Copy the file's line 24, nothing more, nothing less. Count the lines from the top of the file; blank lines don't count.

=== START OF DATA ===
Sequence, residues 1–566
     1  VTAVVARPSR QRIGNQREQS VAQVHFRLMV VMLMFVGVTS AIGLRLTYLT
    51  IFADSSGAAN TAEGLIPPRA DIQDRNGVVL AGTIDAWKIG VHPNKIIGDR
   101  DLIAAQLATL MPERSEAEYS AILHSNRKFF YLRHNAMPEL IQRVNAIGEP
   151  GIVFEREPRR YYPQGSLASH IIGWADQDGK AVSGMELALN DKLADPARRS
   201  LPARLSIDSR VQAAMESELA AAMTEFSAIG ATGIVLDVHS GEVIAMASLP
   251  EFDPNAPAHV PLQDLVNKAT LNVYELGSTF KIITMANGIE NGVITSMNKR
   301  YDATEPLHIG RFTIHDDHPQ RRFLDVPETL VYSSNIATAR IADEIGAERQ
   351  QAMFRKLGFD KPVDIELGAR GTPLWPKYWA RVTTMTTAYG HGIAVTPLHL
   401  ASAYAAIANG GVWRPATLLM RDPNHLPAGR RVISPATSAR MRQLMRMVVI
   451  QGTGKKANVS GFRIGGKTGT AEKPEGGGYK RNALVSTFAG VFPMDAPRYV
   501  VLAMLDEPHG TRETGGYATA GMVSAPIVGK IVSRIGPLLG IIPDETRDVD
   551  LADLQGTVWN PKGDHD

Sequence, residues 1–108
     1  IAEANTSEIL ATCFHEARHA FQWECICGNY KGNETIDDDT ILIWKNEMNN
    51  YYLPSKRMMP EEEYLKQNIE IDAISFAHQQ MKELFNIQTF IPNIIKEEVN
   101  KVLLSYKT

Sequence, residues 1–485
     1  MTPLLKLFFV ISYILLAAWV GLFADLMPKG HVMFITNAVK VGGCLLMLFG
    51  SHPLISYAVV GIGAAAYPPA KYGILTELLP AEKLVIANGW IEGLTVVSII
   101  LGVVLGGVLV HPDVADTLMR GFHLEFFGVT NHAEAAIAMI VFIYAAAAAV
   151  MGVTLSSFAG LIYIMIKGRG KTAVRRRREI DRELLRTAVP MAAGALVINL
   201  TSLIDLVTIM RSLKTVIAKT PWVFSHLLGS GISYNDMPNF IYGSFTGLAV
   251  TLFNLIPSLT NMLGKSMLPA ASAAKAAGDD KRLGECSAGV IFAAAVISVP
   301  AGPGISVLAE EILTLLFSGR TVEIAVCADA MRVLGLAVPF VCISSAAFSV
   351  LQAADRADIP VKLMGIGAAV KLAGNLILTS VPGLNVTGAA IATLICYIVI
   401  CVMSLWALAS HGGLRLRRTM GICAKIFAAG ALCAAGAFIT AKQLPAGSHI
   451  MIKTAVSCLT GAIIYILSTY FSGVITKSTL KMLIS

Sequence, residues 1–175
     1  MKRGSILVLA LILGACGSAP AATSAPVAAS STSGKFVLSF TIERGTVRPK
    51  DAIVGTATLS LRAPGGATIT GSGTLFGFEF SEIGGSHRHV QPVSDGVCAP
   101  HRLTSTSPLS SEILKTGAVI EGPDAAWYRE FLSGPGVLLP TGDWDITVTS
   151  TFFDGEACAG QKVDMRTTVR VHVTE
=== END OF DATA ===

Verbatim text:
   251  TLFNLIPSLT NMLGKSMLPA ASAAKAAGDD KRLGECSAGV IFAAAVISVP